Author:Zainab Sheikh (University of Copenhagen)
Paper short abstract:
Based on interviews and participatory observation with donors and researchers in a project collecting genetic material in Pakistan and sending it to a laboratory in Copenhagen, I investigate the hopes, concerns and purposes involved in the making this international research infrastructure.
Paper long abstract:
Patients with autosomal recessive disorders, typically classified as 'rare diseases', are increasingly being sampled in Pakistan. This development has been ascribed to the growing interest in human molecular genetics in international research collaborations. However, the data created does not only serve the purpose of understanding the human genome through the disease. The international research infrastructure also facilitates the interest in understanding the disease through the human genome, by offering pre-marital and prenatal screening for Pakistani families, thus entering some of the most intimate aspects of lives lived in Pakistan. Based on interviews and participatory observation with donor families and researchers working with a project collecting genetic material on autosomal recessive disorders in Pakistan and sending it to a laboratory in Copenhagen, I investigate the different hopes, concerns and purposes attached to the data in order to arrive at an understanding of the pathways created and loops of feedback involved in the making of a new type of international research infrastructure.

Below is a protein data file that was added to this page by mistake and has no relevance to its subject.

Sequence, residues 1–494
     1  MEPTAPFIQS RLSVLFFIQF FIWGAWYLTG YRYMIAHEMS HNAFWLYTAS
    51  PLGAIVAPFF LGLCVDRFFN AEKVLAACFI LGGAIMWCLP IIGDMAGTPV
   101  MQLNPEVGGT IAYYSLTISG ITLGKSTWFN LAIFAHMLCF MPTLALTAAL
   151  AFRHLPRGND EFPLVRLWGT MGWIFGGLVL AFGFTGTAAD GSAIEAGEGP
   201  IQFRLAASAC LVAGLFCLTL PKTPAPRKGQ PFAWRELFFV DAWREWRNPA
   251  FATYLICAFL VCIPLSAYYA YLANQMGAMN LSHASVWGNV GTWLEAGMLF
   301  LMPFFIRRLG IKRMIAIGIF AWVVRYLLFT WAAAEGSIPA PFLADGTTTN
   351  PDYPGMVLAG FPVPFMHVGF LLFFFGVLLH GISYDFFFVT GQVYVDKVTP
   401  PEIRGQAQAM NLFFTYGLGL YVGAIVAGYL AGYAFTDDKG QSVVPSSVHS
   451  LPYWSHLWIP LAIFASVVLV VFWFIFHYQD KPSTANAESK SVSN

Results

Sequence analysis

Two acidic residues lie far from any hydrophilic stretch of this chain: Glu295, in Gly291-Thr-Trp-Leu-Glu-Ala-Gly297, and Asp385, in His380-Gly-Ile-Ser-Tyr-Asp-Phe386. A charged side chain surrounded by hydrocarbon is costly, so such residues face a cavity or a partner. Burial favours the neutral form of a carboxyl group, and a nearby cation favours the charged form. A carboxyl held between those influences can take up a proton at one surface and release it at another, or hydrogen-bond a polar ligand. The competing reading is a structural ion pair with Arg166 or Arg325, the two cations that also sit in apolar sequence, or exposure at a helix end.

From person to population and back: exploring accountability in public health